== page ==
This One Chart Explains How Donald Trump Is Vile Beyond Description
Donald Trump's much anticipated (so they say) speech on illegal immigration used the word "kill" six times. "Murder" came up three times. There was one "rape," three "violent," a whopping 24 "criminal," five "horrible," just one "terrible" (!), five "drugs" (enough to share?), two "deadly," two "homicide." Seven "death."
I'm not going to joke about this (except where I already did, and a few later). This is detestable. It's beyond detestable. My command of English feels unequal to the task of adequately describing how revolting Trump is when he talks about undocumented immigrants.
I would be revolted by this even if undocumented immigrants were committing a disproportionate number of serious crimes. If that were true, Trump would still be guilty of smearing the innocent along with the guilty and feeding fears that could easily lead to serious violence.
But it's not true. Undocumented immigrants do not commit a disproportionate number of crimes. This has been reported before. It's not news. But what can we do but keep saying it?
Well, we can make a chart:
This chart doesn't prove that undocumented immigrants aren't committing violent crimes. Undocumented immigrants are a small percentage of the total US population, so conceivably they could commit crimes at twice the rate of legal residents and you could still make a chart that looks like that, more or less. The only thing it says definitively is that as illegal immigration has risen, crime has fallen. It's a good place to start.
It's better, anyway, than the evidence Trump cites. The closest he got to data in his immigration speech was when he read off the Teleprompter that "our prisons and jails together, had around 25,000 homicide arrests to their names, 25,000."
That certainly is more than zero. But without relating it to other data for context, it's like saying "We have a tremendous problem with gerbils because 16."
I too can make up a bunk statistic, one that's even better than Trump's "big number, scary!" one, because it sounds mathematical. Observe: The violent crime rate declined by 31% between 1995 and the peak of the undocumented population in 2007. During that time, the undocumented population grew by 114%.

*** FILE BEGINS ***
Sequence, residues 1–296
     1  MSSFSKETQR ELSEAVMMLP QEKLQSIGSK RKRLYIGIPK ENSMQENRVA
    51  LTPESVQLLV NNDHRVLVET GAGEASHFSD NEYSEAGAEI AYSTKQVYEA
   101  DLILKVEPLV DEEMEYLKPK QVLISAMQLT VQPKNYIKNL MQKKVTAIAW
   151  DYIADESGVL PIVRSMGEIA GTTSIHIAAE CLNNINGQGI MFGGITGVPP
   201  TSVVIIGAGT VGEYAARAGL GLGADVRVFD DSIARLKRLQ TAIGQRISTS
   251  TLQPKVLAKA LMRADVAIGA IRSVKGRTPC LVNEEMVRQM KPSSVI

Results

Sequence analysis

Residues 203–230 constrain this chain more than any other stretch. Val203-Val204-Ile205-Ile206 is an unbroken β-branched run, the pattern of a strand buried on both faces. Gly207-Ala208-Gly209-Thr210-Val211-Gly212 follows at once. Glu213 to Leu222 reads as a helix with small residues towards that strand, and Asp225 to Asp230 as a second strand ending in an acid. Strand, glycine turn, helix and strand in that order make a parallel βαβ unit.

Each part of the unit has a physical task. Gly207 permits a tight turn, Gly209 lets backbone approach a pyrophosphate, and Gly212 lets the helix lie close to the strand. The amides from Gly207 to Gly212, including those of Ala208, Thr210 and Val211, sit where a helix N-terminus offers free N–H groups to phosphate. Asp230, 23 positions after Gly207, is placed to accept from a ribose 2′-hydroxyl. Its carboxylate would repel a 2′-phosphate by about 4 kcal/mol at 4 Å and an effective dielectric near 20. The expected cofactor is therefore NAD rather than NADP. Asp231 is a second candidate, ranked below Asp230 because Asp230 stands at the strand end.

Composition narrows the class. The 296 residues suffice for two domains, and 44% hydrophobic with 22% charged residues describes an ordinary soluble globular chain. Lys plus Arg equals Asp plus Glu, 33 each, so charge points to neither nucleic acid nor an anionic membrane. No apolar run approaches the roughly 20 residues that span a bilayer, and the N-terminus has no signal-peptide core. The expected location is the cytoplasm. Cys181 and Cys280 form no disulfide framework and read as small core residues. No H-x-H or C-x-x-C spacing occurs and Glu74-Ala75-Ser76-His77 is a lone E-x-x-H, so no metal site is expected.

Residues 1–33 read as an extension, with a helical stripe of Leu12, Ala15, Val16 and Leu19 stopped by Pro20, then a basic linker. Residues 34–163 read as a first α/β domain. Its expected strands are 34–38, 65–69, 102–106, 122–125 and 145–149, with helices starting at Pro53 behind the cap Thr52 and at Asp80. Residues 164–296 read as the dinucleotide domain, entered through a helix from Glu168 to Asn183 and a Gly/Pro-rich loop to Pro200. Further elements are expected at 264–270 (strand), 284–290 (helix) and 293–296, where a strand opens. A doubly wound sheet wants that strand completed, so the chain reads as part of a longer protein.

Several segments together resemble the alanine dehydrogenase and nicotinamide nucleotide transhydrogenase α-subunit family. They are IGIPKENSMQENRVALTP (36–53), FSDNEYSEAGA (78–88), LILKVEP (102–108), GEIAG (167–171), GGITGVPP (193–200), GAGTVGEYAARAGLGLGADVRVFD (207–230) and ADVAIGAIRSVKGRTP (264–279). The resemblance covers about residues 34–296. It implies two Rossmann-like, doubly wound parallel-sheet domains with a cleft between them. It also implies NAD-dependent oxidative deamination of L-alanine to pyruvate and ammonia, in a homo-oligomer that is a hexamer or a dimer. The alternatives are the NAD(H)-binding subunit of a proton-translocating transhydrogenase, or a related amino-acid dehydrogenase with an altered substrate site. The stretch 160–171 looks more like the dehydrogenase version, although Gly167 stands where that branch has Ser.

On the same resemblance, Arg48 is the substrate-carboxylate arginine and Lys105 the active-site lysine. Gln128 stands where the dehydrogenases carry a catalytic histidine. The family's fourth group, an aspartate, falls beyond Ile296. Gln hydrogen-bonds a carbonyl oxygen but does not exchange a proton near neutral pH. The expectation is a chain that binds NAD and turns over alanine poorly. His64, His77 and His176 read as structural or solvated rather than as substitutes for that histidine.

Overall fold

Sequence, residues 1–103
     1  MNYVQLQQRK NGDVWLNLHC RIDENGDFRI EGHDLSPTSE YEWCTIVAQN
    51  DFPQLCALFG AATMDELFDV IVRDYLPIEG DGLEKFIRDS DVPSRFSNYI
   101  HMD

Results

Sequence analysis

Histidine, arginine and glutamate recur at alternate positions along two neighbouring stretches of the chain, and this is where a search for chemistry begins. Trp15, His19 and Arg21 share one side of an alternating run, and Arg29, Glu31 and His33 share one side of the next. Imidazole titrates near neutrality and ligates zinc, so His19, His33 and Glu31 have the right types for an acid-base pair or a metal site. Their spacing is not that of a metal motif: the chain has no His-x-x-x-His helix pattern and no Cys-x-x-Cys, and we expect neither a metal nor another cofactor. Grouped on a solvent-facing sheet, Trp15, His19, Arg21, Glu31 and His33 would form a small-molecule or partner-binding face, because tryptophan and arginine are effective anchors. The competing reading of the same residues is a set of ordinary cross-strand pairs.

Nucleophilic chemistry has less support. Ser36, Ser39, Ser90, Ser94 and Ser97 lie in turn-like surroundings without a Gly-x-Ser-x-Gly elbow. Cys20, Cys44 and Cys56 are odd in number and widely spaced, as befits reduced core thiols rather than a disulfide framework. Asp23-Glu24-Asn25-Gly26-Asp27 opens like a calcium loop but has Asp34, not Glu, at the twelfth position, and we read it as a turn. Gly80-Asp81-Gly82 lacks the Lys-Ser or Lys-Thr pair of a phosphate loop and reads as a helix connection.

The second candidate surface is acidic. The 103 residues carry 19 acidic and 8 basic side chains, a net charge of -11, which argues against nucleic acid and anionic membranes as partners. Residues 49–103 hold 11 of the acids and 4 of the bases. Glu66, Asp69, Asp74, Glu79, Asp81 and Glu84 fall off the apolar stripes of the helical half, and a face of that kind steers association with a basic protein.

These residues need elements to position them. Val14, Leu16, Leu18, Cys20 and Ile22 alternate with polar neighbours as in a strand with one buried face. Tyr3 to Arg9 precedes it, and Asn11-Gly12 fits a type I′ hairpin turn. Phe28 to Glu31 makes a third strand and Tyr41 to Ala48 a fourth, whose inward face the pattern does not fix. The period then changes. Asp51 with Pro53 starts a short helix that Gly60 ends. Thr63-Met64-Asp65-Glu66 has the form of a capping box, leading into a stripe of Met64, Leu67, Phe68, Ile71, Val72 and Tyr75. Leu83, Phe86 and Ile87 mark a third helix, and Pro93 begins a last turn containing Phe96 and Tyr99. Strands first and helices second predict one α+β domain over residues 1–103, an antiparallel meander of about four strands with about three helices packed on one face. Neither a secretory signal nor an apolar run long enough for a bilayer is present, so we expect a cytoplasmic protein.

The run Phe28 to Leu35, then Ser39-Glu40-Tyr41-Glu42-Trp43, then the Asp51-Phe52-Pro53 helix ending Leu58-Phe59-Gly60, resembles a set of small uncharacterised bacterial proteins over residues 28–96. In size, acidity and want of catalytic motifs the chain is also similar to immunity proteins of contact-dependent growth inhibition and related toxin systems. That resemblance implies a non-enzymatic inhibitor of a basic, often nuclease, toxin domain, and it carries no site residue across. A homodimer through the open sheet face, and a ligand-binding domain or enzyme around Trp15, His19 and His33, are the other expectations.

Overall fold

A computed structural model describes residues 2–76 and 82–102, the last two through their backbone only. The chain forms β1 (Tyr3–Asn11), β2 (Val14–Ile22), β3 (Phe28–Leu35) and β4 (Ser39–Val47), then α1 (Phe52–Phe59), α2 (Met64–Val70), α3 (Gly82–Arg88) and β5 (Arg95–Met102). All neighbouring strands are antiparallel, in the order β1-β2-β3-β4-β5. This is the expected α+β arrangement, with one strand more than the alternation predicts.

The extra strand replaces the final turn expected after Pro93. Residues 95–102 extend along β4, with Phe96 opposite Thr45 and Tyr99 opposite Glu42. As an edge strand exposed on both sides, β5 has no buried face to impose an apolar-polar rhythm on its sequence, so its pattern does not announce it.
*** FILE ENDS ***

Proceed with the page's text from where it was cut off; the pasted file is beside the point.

Glance at that, and you might think there's no way undocumented immigrants are committing a disproportionate amount of crimes. But of course, as with my chart, there's really not enough information to draw that conclusion. It seems likely, but it's not proven.
So to refute Trump effectively, I'll need to find something to refute, some evidence to stand in for his lack of any. There was a Fox News article last year around this time that will be perfect. In retrospect this article seems almost liturgical in its xenophobia, given what's developed since. It wouldn't be shocking if Trump's "platform" on immigration came largely from this single source.
The headline was "Elusive crime wave data shows frightening toll of illegal immigrant criminals." This is filed under US News (it has numbers in it), yet it's also larded with Opinion-section descriptions of "wildly disproportionate number of murderers, rapists and drug dealers" crossing the border, "explosive figures" in the crime stats as a result, and of course with words like that you'll certainly believe that illegal immigrants commit "far more crimes than their 3.5-percent share of the U.S. population would suggest." And of course the "crime wave" and "frightening toll" in the headline itself.
You know, "news."
So I was curious: Most of what I've read said that undocumented immigrants don't appear to commit crimes at disproportionate rates. But might this just be George Soros's liberal media devils on each of my shoulders and in 15 browser tabs whispering "All is well, sleep, sleep"? Rather than sleep, I decided to check some of the statistics in the Fox News article, because I couldn't check Trump's, because he doesn't use them.